Key Provisions of the Clean Air Act Amendments of 1990

Title I: Attaining and Maintaining the National Ambient Air Quality Standards

Title I attempts to bring all areas of the country into attainment with the National Ambient Air Quality Standards (NAAQS) (40 CFR Part 50) for sulfur dioxide, nitrogen oxides, carbon monoxide, ozone, lead, and particulate matter. Different classifications are assigned to different areas based on the extent of non-attainment; areas with the worst air quality are assigned the worst classifications, and therefore have more stringent controls imposed. Title I especially impacts sources of emissions of volatile organic compounds (VOCs) and nitrogen oxides (NOx) in ozone non-attainment areas. Such sources include painting and surface coating operations, metal finishing operations, and organic solvent degreasing operations.

To achieve the air quality standards, state implementation plans (SIP) outline what reasonably available control technology (RACT) is required for major polluting sources in the area. Also, New Source Performance Standards (NSPSs) (40 CFR Part 60) are developed based on pollution control technologies currently available to specific industrial sources but also allow the affected industries to create cost-effective emission reduction techniques.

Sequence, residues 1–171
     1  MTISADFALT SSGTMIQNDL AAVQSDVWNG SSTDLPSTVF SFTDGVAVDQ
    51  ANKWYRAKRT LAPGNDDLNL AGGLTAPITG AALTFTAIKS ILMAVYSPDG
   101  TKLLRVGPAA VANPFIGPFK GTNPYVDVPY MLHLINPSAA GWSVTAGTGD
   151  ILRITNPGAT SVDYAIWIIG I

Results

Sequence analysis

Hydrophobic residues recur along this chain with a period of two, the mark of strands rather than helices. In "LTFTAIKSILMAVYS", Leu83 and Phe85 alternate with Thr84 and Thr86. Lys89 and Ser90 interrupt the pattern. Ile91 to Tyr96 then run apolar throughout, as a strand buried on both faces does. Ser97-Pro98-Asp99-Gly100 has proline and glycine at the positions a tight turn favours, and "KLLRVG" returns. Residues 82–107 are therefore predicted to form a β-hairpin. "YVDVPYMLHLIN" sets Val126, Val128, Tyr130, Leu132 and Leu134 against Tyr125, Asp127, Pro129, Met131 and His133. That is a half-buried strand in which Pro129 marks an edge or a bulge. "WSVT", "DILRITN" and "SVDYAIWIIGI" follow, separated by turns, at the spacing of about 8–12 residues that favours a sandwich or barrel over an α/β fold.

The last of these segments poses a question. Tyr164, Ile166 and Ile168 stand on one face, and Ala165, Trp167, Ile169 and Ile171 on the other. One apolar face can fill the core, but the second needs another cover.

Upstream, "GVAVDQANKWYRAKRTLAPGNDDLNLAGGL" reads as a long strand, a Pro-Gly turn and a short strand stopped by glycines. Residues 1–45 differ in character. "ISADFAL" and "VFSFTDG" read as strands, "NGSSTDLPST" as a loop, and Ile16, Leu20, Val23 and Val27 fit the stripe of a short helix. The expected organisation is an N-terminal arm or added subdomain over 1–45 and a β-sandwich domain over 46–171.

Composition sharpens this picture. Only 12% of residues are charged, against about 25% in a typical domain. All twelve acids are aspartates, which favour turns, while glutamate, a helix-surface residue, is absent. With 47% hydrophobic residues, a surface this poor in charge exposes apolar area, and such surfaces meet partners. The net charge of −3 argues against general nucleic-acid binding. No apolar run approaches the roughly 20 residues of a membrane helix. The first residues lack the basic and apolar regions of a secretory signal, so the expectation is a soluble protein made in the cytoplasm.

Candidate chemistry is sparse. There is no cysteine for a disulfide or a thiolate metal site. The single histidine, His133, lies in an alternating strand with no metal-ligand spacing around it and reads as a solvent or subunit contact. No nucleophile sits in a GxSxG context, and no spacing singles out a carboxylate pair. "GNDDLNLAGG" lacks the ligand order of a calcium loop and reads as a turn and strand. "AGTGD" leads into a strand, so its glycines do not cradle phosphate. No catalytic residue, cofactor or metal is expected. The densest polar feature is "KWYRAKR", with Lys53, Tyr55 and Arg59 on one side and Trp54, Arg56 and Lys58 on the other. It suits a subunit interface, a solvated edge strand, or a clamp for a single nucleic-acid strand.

Standards for several specific industries that perform surface coating of metal products have been promulgated. The categories are metal furniture (40 CFR Part 60 Subpart EE), automobile and light duty trucks (40 CFR Part 60 Subpart MM), large appliances (40 CFR Part 60 Subpart SS), coil coating (40 CFR Part 60 Subpart TT), and beverage can manufacturing (40 CFR Part 60 Subpart WW).

Title II: Mobile Sources

Title II covers provisions for mobile sources, such as cars, trucks and buses.

Title III: Air Toxics

Title III substantially expands EPA's regulation of hazardous air pollutants (HAP) (40 CFR Part 61) by increasing the number of listed chemical substances to 189. Title III also instructs the EPA to develop National Emission Standards for Hazardous Air Pollutants (NESHAP) for categories of sources (40 CFR Part 63) emitting one or more of the 189 HAPs. The emission standards are established based on maximum achievable control technology (MACT) for each source category. Incentives are provided for voluntary reductions of 90 percent or more in emissions of a HAP (95 percent for HAP that are particulates) before the MACT standard is proposed.

NESHAPs for the aerospace industry (40 CFR Part 63 Subpart GG) and the shipbuilding and ship repair industry (40 CFR Part 63 Subpart II), which include surface coating operations, have been established. Regulations applying to other surface coating operations are scheduled for release in 2000.

Title IV: Acid Deposition Control